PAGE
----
Noted Trump-whisperer Sen. Tom Cotton was among those who helped grease the wheels for Eugene Scalia to land the appointment as the next secretary of labor, according to a report in the New York Times:
Two people familiar with his appointment said several conservatives had suggested Mr. Scalia to the president in recent days.
Among them was Senator Tom Cotton, Republican of Arkansas, who waited to suggest it until Mr. Acosta had agreed to step down, according to one person familiar with the discussions. After discussing the idea with several senior Trump officials, Mr. Cotton spoke to the president and then joined a meeting Thursday afternoon during which the president offered Mr. Scalia the job.
Scalia, the son of former Supreme Court justice Antonin Scalia, is a Federalist Society ideologue who has built his legal career advocating for large companies and against the interest of workers. Representing corporate giants like Walmart and Boeing, Scalia has tirelessly fought against unions and legal protections for workers.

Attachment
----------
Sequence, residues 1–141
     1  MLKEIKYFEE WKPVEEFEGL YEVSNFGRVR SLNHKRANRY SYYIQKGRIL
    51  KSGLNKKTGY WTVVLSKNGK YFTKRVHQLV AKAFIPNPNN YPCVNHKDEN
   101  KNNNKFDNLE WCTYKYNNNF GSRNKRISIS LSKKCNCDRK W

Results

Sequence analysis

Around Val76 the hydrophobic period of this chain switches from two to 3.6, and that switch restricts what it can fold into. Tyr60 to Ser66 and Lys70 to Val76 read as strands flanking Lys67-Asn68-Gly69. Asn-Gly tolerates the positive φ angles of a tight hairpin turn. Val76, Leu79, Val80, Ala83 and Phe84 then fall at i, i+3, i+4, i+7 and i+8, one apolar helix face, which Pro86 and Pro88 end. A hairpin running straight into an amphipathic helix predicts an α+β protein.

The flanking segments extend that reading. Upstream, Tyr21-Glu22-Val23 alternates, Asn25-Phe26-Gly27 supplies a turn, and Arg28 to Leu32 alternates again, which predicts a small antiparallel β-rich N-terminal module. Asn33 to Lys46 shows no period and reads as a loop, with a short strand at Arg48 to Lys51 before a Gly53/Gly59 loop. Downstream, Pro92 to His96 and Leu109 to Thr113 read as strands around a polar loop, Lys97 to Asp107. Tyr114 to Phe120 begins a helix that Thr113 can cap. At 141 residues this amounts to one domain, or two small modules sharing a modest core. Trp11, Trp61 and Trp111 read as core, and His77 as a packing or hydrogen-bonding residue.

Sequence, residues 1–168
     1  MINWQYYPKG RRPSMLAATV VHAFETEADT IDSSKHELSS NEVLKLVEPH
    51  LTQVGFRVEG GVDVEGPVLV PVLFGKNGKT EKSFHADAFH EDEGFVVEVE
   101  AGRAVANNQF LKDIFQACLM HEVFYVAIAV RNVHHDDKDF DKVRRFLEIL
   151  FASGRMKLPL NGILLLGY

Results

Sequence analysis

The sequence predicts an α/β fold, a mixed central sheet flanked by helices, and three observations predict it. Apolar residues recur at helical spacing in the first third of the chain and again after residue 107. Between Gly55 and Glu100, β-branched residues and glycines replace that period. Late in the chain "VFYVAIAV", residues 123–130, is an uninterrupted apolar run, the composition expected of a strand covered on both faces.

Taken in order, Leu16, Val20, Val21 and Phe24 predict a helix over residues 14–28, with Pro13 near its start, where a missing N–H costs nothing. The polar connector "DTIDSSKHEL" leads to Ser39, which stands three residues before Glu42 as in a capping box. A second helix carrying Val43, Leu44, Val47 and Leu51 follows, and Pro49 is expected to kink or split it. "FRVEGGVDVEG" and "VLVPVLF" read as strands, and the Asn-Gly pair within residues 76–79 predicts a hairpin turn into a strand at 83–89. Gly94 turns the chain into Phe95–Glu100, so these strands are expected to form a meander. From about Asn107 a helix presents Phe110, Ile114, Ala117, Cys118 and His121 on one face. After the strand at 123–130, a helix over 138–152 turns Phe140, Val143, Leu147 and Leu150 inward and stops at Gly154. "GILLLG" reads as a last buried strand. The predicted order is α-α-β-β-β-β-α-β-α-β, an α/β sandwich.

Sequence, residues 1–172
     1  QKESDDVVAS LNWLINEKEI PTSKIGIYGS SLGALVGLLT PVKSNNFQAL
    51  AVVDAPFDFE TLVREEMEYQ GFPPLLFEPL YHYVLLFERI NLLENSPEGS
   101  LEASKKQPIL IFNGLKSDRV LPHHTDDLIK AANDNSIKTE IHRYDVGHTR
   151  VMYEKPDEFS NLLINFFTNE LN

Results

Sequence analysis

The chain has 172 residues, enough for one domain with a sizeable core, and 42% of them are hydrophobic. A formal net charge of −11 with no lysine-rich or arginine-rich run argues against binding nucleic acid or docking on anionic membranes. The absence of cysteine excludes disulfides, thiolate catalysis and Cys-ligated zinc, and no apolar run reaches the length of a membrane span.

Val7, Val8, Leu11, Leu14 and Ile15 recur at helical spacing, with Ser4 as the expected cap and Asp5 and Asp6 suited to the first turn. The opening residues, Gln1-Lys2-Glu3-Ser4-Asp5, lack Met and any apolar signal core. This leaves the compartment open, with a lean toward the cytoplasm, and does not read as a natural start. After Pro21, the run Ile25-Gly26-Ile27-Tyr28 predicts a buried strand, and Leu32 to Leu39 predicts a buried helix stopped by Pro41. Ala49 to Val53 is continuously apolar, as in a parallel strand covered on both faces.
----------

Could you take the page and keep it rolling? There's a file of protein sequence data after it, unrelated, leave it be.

Scalia’s appointment is yet another example of the absurdity of depicting Trump, or Cotton, as populists. They’re tedious culture warriors, sure, but the actual policies they enact harm the interests of blue collar workers.
If confirmed, Scalia would replace Alex Acosta, who resigned amid a scandal over the sweetheart deal he gave convicted sex offender Jeffrey Epstein when Acosta was a federal prosecutor in Florida. Epstein was at one time pals with Trump; NBC released a video this week of the two cavorting at Trump’s Mar-a-Lago estate in Epstein’s heyday.
The New York Times has more on Scalia’s track record of fighting against workers’ rights and health benefits, including his longtime crusade against regulations protecting workers from repetitive stress injuries (“unreliable science,” said Scalia), his fight for Walmart against a Maryland law that would have required companies with more than 10,000 workers to devote more money to health care for their workers, and his defense of Boeing when it was accused of violating labor law for threatening to open another plant in South Carolina unless the union capitulated to a no-strike clause.